Author’s Note: On February 20, 2013, the CDC reported that Sanofi Pasteur’s rabies vaccine shortage is due to “increased demand and manufacturing delay.”

5704860-portrait-of-gray-fox-barkingGeorgia 03/08/13 Richmond County: Health officials have confirmed a fox that attacked a man on February 27th in the vicinity of Mike Padgett Highway and Goshen Industrial Boulevard in Augusta has tested positive for rabies. When it later tried to attack a second person, it was put down. – See http://www2.wjbf.com/news/2013/mar/08/rabid-fox-attacks-man-south-augusta-ar-5759477/

Horse%20MouthMissouri 03/05/13 Wayne County: A horse stabled in the vicinity of Williamsville that began to deteriorate and became aggressive before dying has tested positive for rabies. This is the fourth confirmed case of animal rabies in the state this year (including three skunks in Douglas, Howell, and Ste. Genevieve counties) prompting officials to issue a Rabies Alert. – See http://www.semissourian.com/story/1946780.html

bat-in-sink-2Ohio 03/08/13 Medina County: A bat found alive Wednesday in the kitchen sink of an East Liberty Street home in the City of Medina has tested positive for rabies. – See http://medinagazette.northcoastnow.com/2013/03/08/health-department-bat-found-in-medina-home-tests-positive-for-rabies/

Texas 03/08/13 Somervell County: For the second time in two weeks a skunk found in the Rainbow area has tested positive for rabies. – See surfeit of skunkshttp://www.yourglenrosetx.com/news/community/article_1974c465-672f-5885-a24d-b71cf51b1e52.html

Texas 03/07/13 Coryell County: Two skunks shot in separate incidents in Gatesville have tested positive for rabies. – See http://www.kwtx.com/ourtown/home/headlines/Gatesville-Two-Skunks-Test-Positive-For-Rabies–195689141.html

RaccoonDEC_NY.govWest Virginia 03/08/13 Mercer County: A raccoon picked up on Princeton Avenue in Bluefield has tested positive for rabies. – See http://www.wvnstv.com/story/21557507/first-rabies-case-of-2013-confirmed-in-mercer-county

Two MISSOURI farmers lead scientists to new, possibly TICK-borne, disease called HEARTLAND VIRUS ~ WEST NILE VIRUS deaths in U.S. now at 66 ~ COLORADO MAN likely contracted BUBONIC PLAGUE at San Juan National Forest campground ~ DOG euthanized in MICHIGAN after contracting EASTERN EQUINE ENCEPHALITIS ~ MOUNTAIN LION reports from CO, NE, & WY ~ COYOTE report from MASSACHUSETTS ~ LA CROSSE ENCEPHALITIS report from NORTH CAROLINA ~ EASTERN EQUINE ENCEPHALITIS & WEST NILE VIRUS reports from IN, MAx2, NH, NM, SD, & WA ~ RABIES reports from GA, IA, LA, NY, NC, & VAx2.

This photograph depicts a dorsal view of a female “lone star tick”, Amblyomma americanum. Note the characteristic “lone star” marking located centrally on its dorsal surface, at the distal tip of its scutum. Courtesy CDC.

National 08/30/12 discovery.com: Two men in Missouri who became severely ill after sustaining tick bites were found to be infected with a new type of virus, according to a study from the Centers of Disease Control and Prevention (CDC). Both men were admitted to hospitals after experiencing high fevers, fatigue, diarrhea and loss of appetite. They were originally thought to be suffering from a bacterial infection, but doubts arose when they didn’t improve after being treated with antibiotics. Further tests revealed their blood contained a new virus, which the researchers dubbed the Heartland virus. It belongs to a group called phleboviruses, which are carried by flies, mosquitoes or ticks, and can cause disease in humans. While the genetic material of Heartland virus appears similar to that of other phleboviruses, the particular proteins it produces are different enough to call it a new species, said study researcher Laura McMullan, a senior scientist at the CDC. Because the Heartland virus causes such general symptoms, it could be “a more common cause of human illness than is currently recognized,” the researchers wrote in the Aug. 30 issue of the New England Journal of Medicine. More studies are needed to identify the natural hosts of the virus, learn how many people are infected with it and find risk factors for infection, McMullan said. Because both men experienced tick bites shortly before they became ill — one man, a farmer, reported receiving an average of 20 tick bites a day — the researchers said it’s likely that the Heartland virus is spread by ticks, although more research is needed to confirm this. The new virus’s closest relative is another tick-borne phlebovirus, called SFTS virus, which was identified last year in China, and causes death in 12 percent of cases.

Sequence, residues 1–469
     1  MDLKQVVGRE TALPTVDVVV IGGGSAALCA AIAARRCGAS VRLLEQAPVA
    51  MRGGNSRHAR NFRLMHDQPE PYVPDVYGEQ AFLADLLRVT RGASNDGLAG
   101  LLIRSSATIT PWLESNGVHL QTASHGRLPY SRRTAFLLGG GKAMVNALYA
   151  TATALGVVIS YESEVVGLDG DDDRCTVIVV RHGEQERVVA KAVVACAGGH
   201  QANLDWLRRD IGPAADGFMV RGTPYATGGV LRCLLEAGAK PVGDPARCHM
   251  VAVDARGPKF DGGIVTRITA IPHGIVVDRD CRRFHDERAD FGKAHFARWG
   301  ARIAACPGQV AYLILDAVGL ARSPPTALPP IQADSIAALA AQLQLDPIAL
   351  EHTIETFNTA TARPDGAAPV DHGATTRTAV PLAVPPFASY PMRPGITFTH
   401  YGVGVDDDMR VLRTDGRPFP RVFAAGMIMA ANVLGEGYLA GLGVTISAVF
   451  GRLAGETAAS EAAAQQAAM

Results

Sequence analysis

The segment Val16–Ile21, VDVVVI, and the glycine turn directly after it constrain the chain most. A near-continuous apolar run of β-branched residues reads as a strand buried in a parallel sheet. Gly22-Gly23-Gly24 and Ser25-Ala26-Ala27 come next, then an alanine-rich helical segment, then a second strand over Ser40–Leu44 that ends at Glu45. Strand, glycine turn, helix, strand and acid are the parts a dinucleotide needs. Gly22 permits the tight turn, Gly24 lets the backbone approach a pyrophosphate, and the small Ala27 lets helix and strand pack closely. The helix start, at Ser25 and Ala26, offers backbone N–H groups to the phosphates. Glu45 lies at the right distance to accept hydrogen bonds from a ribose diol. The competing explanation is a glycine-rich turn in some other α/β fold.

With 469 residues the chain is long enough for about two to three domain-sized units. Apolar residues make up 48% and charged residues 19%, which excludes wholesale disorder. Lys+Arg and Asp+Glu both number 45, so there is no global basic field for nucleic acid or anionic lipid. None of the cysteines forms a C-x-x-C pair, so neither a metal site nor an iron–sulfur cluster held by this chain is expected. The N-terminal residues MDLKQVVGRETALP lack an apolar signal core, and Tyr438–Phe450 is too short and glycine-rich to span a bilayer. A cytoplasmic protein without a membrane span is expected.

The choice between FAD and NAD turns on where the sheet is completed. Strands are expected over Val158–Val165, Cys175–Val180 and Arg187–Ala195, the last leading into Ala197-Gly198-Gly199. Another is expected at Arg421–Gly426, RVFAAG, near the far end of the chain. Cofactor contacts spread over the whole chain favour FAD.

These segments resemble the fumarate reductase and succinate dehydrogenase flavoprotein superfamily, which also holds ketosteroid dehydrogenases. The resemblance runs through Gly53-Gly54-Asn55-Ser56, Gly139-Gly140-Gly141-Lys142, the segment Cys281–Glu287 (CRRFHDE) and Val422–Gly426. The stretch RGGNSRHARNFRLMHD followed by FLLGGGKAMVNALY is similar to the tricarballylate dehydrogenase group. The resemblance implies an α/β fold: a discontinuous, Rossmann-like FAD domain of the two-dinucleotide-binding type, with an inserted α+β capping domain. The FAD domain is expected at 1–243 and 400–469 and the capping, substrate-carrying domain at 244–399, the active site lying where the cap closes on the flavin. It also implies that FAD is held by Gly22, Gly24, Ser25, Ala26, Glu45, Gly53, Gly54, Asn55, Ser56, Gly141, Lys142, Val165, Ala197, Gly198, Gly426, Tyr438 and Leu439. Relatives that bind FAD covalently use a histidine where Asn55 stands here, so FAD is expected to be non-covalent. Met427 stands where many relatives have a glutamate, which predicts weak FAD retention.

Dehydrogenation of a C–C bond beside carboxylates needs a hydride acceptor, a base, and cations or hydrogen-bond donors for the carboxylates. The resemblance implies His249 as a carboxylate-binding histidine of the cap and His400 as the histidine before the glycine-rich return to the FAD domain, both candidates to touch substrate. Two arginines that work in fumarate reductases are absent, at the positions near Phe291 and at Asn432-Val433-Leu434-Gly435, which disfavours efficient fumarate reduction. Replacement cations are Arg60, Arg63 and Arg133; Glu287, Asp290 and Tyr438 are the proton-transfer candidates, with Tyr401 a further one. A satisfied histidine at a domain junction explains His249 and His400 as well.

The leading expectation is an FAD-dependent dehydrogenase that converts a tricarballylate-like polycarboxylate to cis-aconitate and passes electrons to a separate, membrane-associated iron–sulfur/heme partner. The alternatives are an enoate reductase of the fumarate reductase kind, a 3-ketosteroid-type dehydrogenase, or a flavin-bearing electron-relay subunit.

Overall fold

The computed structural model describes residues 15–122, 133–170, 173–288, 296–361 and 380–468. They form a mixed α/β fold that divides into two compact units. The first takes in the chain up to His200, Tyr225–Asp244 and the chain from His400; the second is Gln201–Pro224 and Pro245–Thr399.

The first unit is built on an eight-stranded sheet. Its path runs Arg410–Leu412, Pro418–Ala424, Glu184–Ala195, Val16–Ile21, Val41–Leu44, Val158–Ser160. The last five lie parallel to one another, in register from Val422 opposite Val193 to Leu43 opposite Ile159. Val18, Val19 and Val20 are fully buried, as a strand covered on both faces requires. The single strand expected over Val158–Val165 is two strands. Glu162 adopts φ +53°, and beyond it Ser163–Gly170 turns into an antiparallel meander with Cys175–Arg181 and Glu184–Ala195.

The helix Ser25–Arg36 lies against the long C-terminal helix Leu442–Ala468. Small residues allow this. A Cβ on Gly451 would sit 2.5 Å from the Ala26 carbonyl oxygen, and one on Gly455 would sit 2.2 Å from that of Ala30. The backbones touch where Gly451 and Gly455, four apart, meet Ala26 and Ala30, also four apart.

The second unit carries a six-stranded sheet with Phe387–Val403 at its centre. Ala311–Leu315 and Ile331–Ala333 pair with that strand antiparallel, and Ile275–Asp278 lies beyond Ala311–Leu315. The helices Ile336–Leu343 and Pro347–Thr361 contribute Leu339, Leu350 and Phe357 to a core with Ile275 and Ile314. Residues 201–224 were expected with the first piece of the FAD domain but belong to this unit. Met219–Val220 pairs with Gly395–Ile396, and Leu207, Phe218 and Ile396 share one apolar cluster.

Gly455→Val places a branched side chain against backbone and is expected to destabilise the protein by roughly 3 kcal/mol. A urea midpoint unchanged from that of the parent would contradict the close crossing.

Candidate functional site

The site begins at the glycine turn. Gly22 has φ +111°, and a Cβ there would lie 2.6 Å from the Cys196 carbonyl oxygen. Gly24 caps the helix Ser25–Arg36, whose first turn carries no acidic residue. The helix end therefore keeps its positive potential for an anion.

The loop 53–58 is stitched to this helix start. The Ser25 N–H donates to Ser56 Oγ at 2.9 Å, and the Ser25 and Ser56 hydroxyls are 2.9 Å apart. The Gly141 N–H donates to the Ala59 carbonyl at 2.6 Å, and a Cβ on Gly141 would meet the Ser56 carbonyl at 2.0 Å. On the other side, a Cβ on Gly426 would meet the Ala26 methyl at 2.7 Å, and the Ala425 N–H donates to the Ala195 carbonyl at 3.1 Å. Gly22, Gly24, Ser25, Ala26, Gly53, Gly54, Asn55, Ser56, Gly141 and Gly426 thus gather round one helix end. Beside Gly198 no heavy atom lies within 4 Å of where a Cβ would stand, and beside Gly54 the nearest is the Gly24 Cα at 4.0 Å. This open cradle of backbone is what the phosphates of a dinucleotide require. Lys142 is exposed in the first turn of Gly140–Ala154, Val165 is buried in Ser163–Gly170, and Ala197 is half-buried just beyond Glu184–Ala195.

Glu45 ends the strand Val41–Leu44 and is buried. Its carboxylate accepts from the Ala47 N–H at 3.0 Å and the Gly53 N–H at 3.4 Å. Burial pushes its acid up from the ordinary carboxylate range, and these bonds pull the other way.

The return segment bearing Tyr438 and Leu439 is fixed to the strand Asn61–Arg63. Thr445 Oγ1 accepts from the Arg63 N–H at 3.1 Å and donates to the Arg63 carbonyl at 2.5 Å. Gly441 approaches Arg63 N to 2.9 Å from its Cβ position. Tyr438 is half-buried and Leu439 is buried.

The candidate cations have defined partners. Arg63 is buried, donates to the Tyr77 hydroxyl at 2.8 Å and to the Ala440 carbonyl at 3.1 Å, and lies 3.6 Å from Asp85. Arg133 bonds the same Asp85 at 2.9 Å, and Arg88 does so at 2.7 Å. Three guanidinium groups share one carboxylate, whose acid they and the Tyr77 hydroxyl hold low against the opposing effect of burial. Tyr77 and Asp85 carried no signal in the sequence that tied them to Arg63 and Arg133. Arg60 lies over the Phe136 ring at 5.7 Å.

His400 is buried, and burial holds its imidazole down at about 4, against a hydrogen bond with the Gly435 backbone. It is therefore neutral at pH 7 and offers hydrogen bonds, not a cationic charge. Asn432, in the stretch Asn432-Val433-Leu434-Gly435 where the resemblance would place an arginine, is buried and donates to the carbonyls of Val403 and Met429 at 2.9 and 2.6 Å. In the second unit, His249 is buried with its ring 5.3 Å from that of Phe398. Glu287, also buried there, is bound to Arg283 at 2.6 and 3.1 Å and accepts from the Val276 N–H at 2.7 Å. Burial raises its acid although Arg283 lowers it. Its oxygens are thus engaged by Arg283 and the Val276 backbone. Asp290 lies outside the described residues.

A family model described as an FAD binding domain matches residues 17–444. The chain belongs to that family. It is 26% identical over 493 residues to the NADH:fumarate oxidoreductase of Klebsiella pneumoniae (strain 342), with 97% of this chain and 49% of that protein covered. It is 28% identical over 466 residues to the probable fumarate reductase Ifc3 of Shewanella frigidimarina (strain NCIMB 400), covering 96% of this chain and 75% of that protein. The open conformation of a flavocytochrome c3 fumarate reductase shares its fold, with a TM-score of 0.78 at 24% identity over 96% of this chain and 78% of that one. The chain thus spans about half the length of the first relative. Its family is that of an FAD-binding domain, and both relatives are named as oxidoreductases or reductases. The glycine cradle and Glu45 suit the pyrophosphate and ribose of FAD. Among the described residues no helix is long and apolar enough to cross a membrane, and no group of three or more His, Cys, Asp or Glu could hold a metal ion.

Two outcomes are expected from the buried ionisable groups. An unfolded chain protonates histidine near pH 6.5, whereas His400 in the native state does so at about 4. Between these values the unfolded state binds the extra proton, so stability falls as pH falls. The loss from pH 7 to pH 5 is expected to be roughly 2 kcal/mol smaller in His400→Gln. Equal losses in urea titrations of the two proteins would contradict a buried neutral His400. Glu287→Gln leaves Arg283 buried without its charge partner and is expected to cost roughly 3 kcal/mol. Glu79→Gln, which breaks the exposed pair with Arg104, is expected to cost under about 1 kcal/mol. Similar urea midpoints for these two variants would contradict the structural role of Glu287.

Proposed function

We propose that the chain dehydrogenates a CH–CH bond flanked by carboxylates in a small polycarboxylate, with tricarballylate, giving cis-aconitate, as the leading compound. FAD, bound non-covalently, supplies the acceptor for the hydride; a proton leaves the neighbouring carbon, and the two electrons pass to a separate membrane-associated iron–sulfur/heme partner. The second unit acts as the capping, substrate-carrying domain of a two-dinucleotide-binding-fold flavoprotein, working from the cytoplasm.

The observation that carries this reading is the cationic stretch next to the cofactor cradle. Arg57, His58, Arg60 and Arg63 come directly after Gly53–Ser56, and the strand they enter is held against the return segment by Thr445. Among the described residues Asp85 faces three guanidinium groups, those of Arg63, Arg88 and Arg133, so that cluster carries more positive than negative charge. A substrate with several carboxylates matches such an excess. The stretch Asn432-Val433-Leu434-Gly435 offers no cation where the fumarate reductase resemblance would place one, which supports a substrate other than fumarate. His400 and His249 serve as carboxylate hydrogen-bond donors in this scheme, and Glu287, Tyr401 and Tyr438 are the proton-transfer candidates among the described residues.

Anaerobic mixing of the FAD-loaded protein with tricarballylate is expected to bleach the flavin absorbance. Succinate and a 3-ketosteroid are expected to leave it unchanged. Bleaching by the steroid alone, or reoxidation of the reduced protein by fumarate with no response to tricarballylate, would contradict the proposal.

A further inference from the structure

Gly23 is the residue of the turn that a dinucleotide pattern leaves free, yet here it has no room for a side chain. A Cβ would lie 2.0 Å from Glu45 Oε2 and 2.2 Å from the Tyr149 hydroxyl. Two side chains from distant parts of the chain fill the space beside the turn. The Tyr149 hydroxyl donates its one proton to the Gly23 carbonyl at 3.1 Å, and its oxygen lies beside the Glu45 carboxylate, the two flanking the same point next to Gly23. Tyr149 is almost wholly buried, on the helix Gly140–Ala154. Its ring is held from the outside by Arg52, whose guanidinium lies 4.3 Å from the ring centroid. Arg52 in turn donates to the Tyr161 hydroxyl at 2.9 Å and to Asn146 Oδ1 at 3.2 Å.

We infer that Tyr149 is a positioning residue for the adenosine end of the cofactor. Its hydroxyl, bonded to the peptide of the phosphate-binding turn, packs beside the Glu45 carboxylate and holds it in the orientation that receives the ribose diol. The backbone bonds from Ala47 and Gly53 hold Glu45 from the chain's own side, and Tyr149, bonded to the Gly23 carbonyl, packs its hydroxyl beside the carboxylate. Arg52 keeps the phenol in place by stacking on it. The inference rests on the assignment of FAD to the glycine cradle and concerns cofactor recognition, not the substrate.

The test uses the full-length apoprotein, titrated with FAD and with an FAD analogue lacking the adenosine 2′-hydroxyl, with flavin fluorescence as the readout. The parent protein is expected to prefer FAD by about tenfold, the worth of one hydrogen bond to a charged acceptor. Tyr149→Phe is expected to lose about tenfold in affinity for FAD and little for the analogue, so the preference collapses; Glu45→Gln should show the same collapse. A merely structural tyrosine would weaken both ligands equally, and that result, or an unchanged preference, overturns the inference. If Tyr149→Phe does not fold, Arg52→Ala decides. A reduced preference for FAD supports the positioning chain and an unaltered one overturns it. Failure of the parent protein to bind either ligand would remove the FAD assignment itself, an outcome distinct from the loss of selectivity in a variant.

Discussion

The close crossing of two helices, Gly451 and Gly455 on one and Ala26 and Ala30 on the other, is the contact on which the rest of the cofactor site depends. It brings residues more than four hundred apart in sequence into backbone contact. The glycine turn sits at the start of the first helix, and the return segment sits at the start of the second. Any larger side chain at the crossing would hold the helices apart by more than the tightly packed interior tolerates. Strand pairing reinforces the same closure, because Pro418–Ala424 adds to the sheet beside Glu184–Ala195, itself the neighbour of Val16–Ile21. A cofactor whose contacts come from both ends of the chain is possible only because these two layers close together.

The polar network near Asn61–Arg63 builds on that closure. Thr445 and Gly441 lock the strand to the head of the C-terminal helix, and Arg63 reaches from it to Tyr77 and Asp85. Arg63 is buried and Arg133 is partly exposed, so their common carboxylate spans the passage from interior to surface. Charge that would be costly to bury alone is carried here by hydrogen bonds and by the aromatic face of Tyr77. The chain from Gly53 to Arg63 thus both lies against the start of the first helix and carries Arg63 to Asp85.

The Missouri men, who were both infected in 2009, recovered after 10 to 12 days in the hospital, although one of the men has reported recurrent headaches and fatigue in the two years since his hospitalization. The researchers suspect a species of tick commonly found in Missouri, called Amblyomma americanum, is one of the hosts of the Heartland virus. For now, taking precautions to prevent tick bites is the best way to avoid the virus, McMullan said. To prevent tick bites, the CDC recommends using repellents that contain 20 percent or more DEET, as well as avoiding wooded areas or areas with high grass.

Culex sp. mosquito. Known carrier of West Nile Virus.